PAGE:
2. 5.To promote the general welfare -to provide services to help the American people

    1. To secure the blessings of liberty-To safeguard -To safeguardour individual rights and liberties (freedom)

What are the major ideas of John Locke?

Natural rights: rights inherent in human beings, not dependent on government- rights dependent on due process of law

Consent of the governed: government derives its authority by the people

Limited Government: certain restrictions should be placed on government to protect natural rights of citizens. Government can only do what the people have given it the power to do

Popular Sovereignty: power of government comes from the people

Purposes of Legislature and Executive: serve the will of the people and to protect property rights

Social Contract: People join government willingly to be protected

What is the main idea of the social contract theory?

People establish governments to achieve a goal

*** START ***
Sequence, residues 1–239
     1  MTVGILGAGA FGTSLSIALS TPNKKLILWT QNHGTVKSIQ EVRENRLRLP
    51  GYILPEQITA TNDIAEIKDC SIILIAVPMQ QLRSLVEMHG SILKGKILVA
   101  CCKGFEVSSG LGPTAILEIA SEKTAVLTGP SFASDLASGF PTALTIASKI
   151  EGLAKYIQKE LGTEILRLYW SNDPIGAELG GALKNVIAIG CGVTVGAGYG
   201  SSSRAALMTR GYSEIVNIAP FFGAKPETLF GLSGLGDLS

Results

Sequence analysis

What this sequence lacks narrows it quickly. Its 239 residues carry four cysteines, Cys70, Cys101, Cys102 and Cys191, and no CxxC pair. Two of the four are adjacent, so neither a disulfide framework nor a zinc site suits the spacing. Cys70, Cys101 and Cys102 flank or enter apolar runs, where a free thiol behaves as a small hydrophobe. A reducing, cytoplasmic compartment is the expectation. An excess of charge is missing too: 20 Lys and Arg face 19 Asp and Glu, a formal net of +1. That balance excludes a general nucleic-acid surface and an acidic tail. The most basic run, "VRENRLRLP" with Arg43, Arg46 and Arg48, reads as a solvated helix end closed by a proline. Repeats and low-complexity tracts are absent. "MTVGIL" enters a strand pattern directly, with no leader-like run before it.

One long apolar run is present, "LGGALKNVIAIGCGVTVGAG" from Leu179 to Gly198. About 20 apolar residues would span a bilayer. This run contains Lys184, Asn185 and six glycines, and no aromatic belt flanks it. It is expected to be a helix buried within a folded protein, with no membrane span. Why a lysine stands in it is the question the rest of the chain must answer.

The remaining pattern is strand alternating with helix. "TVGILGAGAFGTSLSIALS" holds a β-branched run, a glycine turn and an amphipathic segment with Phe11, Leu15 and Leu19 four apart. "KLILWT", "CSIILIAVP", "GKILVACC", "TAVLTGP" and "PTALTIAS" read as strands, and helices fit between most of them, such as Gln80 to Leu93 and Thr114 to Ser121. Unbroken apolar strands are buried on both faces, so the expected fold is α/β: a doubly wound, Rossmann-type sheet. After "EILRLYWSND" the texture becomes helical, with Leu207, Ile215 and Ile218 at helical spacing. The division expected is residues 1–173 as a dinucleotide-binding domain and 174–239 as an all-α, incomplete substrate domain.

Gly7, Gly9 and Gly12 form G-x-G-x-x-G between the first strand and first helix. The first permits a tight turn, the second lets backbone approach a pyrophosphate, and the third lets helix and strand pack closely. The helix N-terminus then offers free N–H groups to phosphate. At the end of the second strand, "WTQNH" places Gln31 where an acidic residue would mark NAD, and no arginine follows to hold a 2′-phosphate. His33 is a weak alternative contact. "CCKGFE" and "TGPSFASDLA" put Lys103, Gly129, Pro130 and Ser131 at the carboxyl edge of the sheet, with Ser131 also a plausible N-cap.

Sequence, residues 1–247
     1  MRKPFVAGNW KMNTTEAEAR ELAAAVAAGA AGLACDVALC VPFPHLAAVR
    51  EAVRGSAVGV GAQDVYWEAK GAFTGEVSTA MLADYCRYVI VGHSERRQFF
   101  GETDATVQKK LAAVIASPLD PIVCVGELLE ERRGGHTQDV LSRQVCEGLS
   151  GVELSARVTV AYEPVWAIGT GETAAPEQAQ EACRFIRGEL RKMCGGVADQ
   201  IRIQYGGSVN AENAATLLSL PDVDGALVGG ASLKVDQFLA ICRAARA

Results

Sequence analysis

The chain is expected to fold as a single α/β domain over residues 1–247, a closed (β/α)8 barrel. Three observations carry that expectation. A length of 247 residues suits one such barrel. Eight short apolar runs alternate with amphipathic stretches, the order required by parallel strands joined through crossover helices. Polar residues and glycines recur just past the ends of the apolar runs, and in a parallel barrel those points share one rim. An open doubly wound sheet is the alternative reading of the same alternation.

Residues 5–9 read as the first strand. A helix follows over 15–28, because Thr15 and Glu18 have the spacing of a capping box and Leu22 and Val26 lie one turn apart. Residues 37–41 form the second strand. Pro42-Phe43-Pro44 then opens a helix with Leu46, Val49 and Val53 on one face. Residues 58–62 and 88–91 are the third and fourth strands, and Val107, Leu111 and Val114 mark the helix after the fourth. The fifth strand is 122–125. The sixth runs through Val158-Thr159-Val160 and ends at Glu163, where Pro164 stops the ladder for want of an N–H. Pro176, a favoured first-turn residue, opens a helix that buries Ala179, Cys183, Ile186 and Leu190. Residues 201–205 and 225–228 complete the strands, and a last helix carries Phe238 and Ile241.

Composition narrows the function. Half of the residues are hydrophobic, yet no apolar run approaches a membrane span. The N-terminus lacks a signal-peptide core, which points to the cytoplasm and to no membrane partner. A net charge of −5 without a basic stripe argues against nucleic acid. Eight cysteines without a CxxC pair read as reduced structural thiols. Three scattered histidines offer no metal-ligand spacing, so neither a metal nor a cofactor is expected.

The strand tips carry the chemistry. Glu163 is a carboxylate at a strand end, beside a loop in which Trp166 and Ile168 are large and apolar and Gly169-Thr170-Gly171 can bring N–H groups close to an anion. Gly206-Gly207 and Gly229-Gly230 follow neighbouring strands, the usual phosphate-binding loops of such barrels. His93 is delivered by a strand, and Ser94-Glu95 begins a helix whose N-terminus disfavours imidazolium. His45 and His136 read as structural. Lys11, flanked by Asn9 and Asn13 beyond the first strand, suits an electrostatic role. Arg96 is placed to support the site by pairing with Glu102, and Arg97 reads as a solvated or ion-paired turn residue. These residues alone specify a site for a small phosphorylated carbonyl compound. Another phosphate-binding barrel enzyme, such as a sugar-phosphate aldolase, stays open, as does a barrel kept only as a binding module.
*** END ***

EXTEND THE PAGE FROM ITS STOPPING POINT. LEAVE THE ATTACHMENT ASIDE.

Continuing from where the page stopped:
Give up some rights to be protected by government

The idea of a democracy challenged what ideas that the founders were most familiar with? (Think monarchy)
Divine right to rule and the fact that monarchy was exempted from rule of law
Why was the Declaration of Independence written?
to explain why the colonies were separating from Great Britain
What are the key ideas in the Declaration of Independence?

Declaration states that people have right to abolish an unjust government and form a new one

Not only have the right but we also have the duty to alter or abolish any government that does not secure our unalienable rights, including life, liberty, and the pursuit of happiness .They also emphasized rule of law and that no one had a divine right to lead.